Are children or supportive friends permitted to attend mediation sessions?

Additional Information:

May a child who is the subject of mediation attend the mediation session?  Furthermore, are other supportive friends or family members permitted to attend?

ANSWER:

Depending of the circumstances, if both parents and the mediator agree, a child may attend and be a part of a mediation session.  It is crucial for the parents and mediator to determine whether being a part of the mediation process would be beneficial or detrimental to the child.  Perhaps the child’s therapist may be called upon to make a recommendation.  It is rather uncommon for a child to attend a mediation session and the older the child the more likely that it would make sense. Since the mediation process is between the two spouses, it is not recommended that supportive friends or family members attend the mediation sessions.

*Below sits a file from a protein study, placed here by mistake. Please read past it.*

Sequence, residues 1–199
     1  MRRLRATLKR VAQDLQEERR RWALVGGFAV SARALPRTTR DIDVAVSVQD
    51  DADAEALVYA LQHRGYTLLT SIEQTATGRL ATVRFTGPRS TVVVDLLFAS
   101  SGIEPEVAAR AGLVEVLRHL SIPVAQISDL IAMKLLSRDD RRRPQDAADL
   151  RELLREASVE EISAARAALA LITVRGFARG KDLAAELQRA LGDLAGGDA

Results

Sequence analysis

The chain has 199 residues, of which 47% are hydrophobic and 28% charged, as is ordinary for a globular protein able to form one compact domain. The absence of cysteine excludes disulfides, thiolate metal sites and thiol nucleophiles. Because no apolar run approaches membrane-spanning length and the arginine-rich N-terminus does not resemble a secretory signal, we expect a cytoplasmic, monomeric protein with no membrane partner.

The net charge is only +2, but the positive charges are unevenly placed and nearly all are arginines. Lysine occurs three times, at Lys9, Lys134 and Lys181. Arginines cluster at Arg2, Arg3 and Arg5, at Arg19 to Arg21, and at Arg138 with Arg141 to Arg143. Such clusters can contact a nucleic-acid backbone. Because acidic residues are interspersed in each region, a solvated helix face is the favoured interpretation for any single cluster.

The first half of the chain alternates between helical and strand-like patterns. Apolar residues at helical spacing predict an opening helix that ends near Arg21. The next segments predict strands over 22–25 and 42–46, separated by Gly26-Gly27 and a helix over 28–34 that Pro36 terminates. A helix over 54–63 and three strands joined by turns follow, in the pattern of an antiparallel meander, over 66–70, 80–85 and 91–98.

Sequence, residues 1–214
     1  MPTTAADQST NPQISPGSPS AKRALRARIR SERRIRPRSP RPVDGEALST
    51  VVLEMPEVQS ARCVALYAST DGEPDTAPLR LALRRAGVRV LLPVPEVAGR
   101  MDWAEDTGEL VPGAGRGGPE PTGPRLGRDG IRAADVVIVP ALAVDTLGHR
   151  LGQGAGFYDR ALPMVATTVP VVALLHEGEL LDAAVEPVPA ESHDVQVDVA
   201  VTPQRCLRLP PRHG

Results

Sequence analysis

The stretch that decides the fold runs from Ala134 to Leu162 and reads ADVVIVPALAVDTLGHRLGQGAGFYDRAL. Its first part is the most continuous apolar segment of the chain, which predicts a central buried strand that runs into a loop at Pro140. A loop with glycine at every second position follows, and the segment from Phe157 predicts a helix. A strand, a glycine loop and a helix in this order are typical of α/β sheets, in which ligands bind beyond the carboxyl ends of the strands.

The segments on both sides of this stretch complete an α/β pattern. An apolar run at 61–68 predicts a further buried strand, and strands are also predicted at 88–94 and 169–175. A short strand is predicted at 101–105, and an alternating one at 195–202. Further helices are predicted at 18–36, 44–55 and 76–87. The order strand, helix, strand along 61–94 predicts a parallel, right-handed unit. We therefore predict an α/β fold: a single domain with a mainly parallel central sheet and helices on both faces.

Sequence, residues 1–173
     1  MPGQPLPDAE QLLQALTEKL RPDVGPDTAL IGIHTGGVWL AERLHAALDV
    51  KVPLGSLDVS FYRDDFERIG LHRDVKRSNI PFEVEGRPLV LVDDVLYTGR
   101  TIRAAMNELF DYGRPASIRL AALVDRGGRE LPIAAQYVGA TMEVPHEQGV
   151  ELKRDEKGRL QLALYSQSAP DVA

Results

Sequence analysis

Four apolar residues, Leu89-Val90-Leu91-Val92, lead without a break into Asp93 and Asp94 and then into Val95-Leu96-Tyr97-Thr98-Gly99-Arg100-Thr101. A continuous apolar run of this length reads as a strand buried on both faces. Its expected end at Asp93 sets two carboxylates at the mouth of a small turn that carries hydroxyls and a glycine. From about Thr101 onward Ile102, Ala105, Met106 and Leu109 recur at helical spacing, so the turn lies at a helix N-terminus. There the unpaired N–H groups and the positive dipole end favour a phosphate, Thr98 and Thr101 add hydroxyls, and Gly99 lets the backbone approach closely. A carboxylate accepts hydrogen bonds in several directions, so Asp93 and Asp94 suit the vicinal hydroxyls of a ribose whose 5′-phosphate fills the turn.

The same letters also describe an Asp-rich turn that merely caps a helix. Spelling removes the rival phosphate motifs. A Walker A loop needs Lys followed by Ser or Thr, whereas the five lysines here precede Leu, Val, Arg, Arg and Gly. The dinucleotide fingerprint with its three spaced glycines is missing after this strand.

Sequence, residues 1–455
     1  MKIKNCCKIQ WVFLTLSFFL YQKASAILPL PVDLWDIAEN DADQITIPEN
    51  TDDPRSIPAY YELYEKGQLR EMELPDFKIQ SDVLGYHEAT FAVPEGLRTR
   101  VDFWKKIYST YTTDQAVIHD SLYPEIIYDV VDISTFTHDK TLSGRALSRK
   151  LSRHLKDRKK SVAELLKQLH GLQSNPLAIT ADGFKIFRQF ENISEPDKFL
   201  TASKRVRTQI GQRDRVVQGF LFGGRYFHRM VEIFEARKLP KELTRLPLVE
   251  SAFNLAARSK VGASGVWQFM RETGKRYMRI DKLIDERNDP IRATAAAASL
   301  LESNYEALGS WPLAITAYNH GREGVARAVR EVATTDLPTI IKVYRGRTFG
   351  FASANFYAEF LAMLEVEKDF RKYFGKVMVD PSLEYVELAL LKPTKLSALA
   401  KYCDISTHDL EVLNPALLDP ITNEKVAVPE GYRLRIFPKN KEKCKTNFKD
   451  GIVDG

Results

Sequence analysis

Can mediation assist divorced parents address changing circumstances?

ANSWER:

As quickly as one to two years after a divorce, often issues related to the children may arise.  As children get older, parenting plans may need to be revised, schools may need to be changed or college decisions need to be made.  Mediation can provide a safe, secure and comfortable forum for parents to discuss the changes that have occurred in the lives of their children and changes in the financial arrangements that may have been made at the time of divorce.  Ultimately, if changes are agreed upon, a written modification agreement can be prepared.  By addressing the issues as they come up, before they turn into a conflict, parents can short circuit the types of difficulties that may occur when parents do not have opportunities for good communication.